Our policy is not defined by IGF, it’s not defined by ICANN, it’s not defined by the ICANN community but it is defined by ITU member states. This means we have to look for ways of addressing this consensus. We don’t have a battle with ICANN. There are misunderstandings sometimes. These misunderstandings are more to do with, ‘ITU wants to take over what we are doing’. We believe the resolutions, the decisions taken by ITU members, particularly taken at plenipotentiary conferences, are very clear. Governments need to play a role in public policies, and our membership is saying we need to play that role on an equal footing. The plenipotentiary will tell us how far they want to push on this.
There are signals that it is a topic of high interest [this year]. That is very clear. What will come out of this high interest will depend on the beginning that will take place in Mexico. But it is clear it is an area of high interest on both sides. There are two sides. We are caught in the middle. We try to make sure we don’t go out there and say things that will upset either one side or the other. We as secretariat stick to the decisions and we defend them because they are taken by sovereign countries, and they are taken by consensus. Not all countries necessarily agree on how these will be implemented and the role it will have, and that is the difficult thing we fight with on a daily basis.
IPW: On the work on the IPv6 [the next generation internet], how does that represent ITU’s role in the internet infrastructure?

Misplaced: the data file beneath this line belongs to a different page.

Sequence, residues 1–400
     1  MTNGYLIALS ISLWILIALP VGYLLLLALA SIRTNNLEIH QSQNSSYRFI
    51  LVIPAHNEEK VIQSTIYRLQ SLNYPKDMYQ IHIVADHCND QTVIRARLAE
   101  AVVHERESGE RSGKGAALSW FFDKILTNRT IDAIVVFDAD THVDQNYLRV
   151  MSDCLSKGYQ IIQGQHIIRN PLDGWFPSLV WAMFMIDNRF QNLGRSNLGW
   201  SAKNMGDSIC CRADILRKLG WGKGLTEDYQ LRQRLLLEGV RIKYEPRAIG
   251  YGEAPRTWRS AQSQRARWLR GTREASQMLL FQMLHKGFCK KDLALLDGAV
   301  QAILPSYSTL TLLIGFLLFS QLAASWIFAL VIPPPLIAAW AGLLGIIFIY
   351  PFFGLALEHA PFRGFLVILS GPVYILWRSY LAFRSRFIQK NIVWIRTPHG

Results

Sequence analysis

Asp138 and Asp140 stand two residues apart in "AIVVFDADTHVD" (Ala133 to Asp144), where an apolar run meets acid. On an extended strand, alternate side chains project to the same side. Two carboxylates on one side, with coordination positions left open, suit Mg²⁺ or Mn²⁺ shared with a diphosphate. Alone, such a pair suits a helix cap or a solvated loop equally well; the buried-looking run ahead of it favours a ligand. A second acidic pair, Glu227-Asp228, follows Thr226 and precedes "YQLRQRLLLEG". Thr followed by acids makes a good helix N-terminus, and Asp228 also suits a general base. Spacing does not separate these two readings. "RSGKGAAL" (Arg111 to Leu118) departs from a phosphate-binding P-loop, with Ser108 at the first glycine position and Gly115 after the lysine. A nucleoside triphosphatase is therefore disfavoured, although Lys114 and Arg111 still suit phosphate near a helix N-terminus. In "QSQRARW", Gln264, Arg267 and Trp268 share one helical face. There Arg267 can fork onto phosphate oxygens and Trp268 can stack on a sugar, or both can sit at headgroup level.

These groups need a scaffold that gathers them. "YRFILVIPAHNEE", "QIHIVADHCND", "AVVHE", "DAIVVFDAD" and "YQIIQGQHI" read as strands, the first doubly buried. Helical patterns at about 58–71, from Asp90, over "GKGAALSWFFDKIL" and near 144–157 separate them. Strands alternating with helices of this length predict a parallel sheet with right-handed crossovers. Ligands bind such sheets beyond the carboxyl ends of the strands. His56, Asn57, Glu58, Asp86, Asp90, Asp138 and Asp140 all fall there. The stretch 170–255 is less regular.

NTOKO: ITU was formed to harmonise the global coordinated development of telecommunication networks and services. That’s the core mandate of ITU. ITU in that regard ensures the fair and equitable access to public resources related to global telecommunications networks and services, it’s important, and services. We do that for spectrum, which has more implications than IPv4, IPv6 addresses. When you remember WRC [ITU’s World Radiocommunication Conference], you cannot imagine the implications of the treaties that ITU arrives at for spectrum management. Spectrum was sold for billions when the Europeans were launching 3G. We have done that, and the only organisation who [does]. Some of the WRC people will sit at the [Geneva conference centre] for a six-month conference, they have to agree. Spectrum is … from your mobile phone to military and very sensitive applications, [so] there should be no interference. If we can manage something that complex, which requires extreme calculations, renting supercomputers to manage the interference, the management of IPv6 is peanuts, it’s a trivial matter. People should not continue with this argument that this is too technical for ITU. We are doing much more complex matters than IP address management could ever lead to. This is locating blocks of numbers.